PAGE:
Debate on whether or not the press release is dead isn’t cut and dry. Business executives don’t know that the press release is dead, since it’s a relatively new concept to not issue them after years of press releases being the staple of public relations. That’s why we’re here to tell you to stop writing them… ASAP.
We’ll take you through how much you’re really spending on press releases, issues with press releases and solutions for ways you can still secure coverage and value from new business announcements without a press release as collateral.
Press releases started off as a hard copy, something you would fax to your target media outlets. The days have since changed, and now thousands of press releases are distributed every single day. That means your news hook that you thought was compelling is getting caught amongst the noise. The truth is that your press releases are a waste of time, energy, money, and risk sabotaging your integrated digital efforts.
Breaking Down The Cost Of A Press Release
- Time: let’s say, on average, a press release takes 5 hours to write, revise, get approvals and upload on the wire. More time would be included if there are other brands or partners in the release that need to approve the content or provide quotes. If you’re paying a PR agency, this would probably cost a minimum of $500 and up to $1,000 for one release.
- Distribution fees: to give you an idea, a minimum, bare-bones distribution fee is around $500. If you’re looking for more reach and capabilities, the price of your press release could reach upwards of $2,000.
Keeping the prices outlined above in mind, if we take the average of these costs, removing one press release could save you $2,000 on average. To qualify that expense on a larger scale, if your company issues press releases on a regular basis like once a month, that means in one year you’re spending $24,000 on press releases that most likely are not moving the needle for your business.
Related: Not Getting PR Hits? Why the Media Doesn’t Care About Your Brand
If you are ROI-focused, the $24,000 price of your monthly press releases could be better allocated on ad spend or SEO marketing services, which are more likely to move the needle in terms of conversions.
Problem: If you don’t have a PR push behind your press release, it’s doing nothing
People think distributing a release over the wire means getting your story or announcement picked up organically without any added effort, but it doesn’t always work that way. If you have something incredibly compelling that an editor happens to stumble upon and flag it might work, but nine times out of 10 it doesn’t. Instead of writing a press release or hiring a PR pro to write it for you and then distributing over the wire, there are other ways to get press and public attention more effectively. Ultimately, a press release should never be a stand-alone service.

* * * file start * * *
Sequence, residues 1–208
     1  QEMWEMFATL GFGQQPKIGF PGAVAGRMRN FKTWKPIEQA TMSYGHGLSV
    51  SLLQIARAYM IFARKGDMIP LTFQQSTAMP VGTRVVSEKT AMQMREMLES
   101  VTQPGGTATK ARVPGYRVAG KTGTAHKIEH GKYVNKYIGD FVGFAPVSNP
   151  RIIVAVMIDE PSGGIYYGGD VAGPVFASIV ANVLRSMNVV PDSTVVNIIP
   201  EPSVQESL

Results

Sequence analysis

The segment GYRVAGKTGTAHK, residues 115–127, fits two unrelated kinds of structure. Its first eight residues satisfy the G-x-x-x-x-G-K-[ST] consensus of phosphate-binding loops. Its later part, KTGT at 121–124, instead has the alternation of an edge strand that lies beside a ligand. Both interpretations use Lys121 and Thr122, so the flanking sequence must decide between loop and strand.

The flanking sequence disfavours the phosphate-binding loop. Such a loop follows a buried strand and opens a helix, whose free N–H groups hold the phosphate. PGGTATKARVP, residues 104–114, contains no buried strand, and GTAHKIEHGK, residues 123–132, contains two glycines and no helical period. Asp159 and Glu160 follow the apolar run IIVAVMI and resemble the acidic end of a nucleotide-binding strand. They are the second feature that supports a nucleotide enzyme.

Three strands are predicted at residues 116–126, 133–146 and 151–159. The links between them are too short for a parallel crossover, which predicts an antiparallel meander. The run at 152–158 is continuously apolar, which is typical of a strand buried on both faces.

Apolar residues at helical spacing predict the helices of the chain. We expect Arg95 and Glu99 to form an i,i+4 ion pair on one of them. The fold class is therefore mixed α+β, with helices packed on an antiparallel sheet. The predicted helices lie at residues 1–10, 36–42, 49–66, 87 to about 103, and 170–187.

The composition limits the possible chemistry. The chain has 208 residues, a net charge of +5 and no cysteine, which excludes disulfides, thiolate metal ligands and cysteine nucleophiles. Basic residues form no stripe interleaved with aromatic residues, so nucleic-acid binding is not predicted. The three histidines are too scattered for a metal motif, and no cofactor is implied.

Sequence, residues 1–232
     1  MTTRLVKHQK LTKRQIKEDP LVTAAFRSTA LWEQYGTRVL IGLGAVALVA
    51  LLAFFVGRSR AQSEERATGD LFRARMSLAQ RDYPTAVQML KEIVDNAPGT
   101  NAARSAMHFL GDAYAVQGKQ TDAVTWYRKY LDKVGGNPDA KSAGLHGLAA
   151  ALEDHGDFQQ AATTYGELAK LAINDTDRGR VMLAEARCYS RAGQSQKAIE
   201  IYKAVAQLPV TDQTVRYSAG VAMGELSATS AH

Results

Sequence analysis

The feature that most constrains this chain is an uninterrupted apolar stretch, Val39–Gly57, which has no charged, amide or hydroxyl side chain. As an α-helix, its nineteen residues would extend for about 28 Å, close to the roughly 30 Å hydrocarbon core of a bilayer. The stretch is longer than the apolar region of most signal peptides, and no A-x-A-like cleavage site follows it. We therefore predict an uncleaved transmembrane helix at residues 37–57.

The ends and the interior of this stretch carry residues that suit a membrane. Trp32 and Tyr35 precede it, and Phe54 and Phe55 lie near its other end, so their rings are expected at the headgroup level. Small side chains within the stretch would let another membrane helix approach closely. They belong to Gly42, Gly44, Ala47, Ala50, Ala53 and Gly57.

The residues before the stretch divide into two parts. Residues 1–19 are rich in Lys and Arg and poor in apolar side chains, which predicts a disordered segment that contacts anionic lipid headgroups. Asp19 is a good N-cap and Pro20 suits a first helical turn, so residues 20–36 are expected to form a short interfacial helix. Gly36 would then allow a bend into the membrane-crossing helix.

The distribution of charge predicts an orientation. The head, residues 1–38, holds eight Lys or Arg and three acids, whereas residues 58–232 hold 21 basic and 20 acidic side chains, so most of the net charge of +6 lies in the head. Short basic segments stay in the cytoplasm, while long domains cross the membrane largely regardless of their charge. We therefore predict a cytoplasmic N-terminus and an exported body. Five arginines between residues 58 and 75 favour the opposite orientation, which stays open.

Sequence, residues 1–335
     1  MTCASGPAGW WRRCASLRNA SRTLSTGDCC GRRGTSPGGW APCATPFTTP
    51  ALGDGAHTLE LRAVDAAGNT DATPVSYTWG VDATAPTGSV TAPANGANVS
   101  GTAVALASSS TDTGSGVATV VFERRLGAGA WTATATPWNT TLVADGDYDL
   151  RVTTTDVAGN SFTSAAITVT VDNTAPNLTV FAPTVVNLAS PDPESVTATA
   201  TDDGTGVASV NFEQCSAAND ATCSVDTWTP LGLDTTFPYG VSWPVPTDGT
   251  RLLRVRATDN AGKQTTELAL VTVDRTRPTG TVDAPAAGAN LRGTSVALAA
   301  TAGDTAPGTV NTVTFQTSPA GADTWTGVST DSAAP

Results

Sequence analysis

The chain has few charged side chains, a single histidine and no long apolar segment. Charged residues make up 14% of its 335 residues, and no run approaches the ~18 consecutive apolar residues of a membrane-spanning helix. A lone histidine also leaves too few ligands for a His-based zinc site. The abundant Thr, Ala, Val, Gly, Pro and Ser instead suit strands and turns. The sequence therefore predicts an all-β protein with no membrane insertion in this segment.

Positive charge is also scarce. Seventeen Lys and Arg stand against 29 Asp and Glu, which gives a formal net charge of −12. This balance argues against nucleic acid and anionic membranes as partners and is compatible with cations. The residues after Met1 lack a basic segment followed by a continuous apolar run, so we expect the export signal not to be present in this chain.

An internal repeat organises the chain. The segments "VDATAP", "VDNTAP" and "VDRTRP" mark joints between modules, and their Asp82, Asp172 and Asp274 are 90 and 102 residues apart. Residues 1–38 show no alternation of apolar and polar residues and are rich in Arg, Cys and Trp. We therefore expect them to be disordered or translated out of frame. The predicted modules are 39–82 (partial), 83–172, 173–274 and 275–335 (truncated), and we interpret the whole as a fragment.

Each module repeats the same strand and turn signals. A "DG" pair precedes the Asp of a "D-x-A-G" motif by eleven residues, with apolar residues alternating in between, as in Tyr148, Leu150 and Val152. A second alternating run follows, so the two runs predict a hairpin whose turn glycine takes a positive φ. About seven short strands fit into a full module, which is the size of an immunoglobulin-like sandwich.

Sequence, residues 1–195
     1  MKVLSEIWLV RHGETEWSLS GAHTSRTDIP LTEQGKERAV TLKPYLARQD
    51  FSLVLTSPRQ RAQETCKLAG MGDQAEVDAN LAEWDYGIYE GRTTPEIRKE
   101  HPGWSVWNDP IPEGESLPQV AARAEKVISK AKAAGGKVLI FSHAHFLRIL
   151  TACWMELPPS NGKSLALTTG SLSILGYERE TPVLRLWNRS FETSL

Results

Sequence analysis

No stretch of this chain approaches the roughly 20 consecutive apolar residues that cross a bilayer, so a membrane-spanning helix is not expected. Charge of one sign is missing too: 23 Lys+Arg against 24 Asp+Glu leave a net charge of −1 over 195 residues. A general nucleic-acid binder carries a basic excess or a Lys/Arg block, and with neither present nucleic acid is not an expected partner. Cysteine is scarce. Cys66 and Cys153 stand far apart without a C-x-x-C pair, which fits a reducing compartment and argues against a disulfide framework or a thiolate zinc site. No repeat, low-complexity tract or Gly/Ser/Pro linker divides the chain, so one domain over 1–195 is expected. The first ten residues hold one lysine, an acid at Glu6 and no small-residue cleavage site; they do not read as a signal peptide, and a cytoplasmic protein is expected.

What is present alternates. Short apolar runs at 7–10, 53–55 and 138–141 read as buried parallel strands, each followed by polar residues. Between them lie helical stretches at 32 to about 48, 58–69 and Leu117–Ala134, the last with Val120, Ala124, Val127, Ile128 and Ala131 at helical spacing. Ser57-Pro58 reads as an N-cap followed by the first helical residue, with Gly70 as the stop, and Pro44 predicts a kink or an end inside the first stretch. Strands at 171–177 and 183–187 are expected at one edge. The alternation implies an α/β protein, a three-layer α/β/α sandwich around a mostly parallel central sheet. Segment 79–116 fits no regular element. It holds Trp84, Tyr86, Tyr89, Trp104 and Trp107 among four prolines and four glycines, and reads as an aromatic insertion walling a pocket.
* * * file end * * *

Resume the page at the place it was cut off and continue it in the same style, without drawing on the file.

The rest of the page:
Solution: Keep your announcement on your website, don’t distribute a release
If you have something newsworthy that is deserving of an announcement, put the announcement on your company blog. You can even write an announcement that is formatted like a press release but is not ultimately distributed over the wire. PR pros can pitch the content to editors directly in the form of either a blog post or an announcement to secure coverage and backlinks to your site, not to a distribution service that is hosting your release.
Strategically pitching an announcement to specific editors who cover similar topics will more likely secure you coverage than casting a wide net through a distribution service. If you’re trying to get on Forbes, you need to reach out directly to the right editor with the right pitch angle and you won’t need a press release to support your pitch.
Problem: You’re not getting SEO value from press releases
If you have links to your website in your release and think that these links are lending SEO value to your website when republished on another website, think again. The only way you’re getting an SEO-valuable link is with unique content. Republishing a press release verbatim on any website won’t be recognized as a link that distributes link equity (and SEO value) to your website.
Related: PR vs. Marketing – What’s the Difference?
At best, you can track your website traffic through the referral traffic that comes through that link and publication. To take this one step further, while trade publications and lower tier media might operate off of the wire and pick up press releases, top tier publications like Forbes, The New York Times, and The Wall Street Journal need more compelling reasons to cover your business.
Solution: Again, keep your announcement on your site, don’t distribute
If you’re securing links back to a press release that is not living on your website, it is going to do nothing for you in terms of SEO. However, if you have an announcement living on your website and nowhere else and you secure news coverage with a link to the announcement on your website, then you are getting more value because you’re driving awareness to the site as well as SEO equity from the link.